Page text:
Written by: Coach Andrea
Picture this (or, if it’s reality, think about this): you have a young, eager athlete ready to break into the fitness and sports world. While you’re happy that they’re happy, part of you is worried that they may not be able to handle that intense tackle on the football field or the rigors of cheerleading or gymnastics, or they weren’t blessed with the natural coordination and athletic ability.
A common question Coach Tyndall gets asked by parents is, “At what age is it okay for my child to start strength training?” There’s no quick answer to this, but what she can offer is the Top 10 things to consider when thinking about starting a strength and conditioning training program for your child!
- Your child’s physical and mental readiness
Some programs will incorporate basic strength exercises that you might see in your local gym or conditioning regimes that they remember doing in high school…but children are not miniature adults—physically, mentally, or motivationally. If kids are going to run, jump, or crash into others, it’s a good idea to make sure that they are physically ready to meet those challenges.
- If your child’s physical ability is limiting any technical development
Can your athlete touch their toes or squat down without limbs going all over the place? Lack of balance, control, and flexibility can be significant limiting factors for speed, power, mobility, and endurance.
- If any technical talent/skill surpassed any physical ability
With the introduction of year round club sports, many young athletes are developing skills and techniques that their developing bodies cannot handle, leading to injuries. Whether it’s the prevalence of young soccer players tearing their ACL or baseball pitchers suffering overuse injuries, many young and undeveloped bodies are often unprepared to absorb the hits, stabilize joints, or control deceleration.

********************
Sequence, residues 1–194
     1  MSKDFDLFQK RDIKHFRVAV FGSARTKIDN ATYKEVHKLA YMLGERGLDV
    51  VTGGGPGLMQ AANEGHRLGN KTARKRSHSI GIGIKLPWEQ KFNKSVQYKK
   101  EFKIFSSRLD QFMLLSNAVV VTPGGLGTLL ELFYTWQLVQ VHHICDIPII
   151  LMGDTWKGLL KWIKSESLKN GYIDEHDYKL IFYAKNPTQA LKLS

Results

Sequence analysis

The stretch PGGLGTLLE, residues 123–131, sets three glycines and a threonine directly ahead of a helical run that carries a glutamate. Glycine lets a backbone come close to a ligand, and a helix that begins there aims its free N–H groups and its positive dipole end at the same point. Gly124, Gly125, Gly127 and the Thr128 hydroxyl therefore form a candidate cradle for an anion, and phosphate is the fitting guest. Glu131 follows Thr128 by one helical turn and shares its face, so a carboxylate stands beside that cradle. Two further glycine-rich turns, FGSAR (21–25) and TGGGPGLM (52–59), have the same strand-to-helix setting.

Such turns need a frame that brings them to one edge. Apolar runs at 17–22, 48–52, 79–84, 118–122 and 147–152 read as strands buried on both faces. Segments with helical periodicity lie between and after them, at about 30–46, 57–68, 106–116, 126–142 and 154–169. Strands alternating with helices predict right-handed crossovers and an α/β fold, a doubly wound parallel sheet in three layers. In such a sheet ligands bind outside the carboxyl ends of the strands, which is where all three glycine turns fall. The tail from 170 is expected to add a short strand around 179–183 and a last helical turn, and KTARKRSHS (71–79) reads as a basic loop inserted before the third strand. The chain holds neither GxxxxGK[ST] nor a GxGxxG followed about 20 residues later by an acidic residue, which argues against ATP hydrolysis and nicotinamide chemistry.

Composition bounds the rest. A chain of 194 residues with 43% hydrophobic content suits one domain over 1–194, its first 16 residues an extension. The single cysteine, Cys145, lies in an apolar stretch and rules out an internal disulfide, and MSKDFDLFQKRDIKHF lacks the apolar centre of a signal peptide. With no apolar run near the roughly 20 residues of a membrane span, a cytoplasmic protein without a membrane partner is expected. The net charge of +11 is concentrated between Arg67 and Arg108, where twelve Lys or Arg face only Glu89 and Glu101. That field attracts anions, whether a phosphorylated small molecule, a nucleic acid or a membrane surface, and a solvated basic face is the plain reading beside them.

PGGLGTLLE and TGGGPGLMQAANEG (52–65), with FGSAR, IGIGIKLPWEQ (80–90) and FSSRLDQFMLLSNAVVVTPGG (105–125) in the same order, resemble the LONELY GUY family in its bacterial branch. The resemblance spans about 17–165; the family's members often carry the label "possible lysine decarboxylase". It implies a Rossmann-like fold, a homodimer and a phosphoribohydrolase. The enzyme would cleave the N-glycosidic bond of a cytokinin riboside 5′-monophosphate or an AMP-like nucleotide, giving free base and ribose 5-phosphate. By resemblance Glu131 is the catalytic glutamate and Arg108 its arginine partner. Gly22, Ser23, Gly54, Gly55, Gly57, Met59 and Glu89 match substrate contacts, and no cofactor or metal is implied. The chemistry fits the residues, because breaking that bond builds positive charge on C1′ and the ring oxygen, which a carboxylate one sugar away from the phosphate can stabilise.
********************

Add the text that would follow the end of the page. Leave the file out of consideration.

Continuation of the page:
- The increase in training volume
When a child goes from one practice and game per week to multiple sessions, not only does the intensity ramp up, but so does the volume of training. With an increase in training volume, you, as a parent, will want to make sure your child is ready to adapt to this kind of environment.
- Your child’s history of injuries
Don’t let pain keep your child out of the game! If your child has already experienced injuries due to sport or an accident, it may be important to include a strength and conditioning program to regain lost strength, flexibility, or fitness.
- The consistent commitment to long-term training
If you or your child are looking to stay in the game long-term, consistency is key! Ensure your schedule aligns with the vigorous training you may need for your sport or in everyday life. And of course, that it fits into your schedule without feeling over-scheduled.
- The commitment also to other aspects of high performance
There’s the saying that we need at least eight hours of sleep for a reason: it’s important for our overall health. Getting in enough rest and the right kinds of food and supplements are crucial in the training atmosphere. Food and rest = fuel in your everyday strength and conditioning training program.
- The quality and expertise of the strength and conditioning coach
Children are not miniature adults, nor should their training be the same as what an adult would do. Growth spurts, puberty, and motivations make it important to ensure that exercises and programming are developmentally appropriate and delivered in a way that ensures your child will not only improve but also enjoy the experience.
- Best session size fit for your child
This goes back to knowing what your child wants and needs. Does your child thrive in a group or a 1-on-1 private training session environment? Is he/she wanting to do this training to have fun or to compete? Oftentimes, parents will schedule both private and group sessions to get the best of both worlds and see which works best.
- The process of creating lifelong positive healthy habits
Most importantly a strength and conditioning program should not contribute to the burn-out that is so prevalent in youth sports. It should complement their sport, but be enjoyable, educational, and help them excel in their sport. Creating good habits such as warming-up, stretching, moving efficiently, and having fun will help lead to lifelong health and activity habits.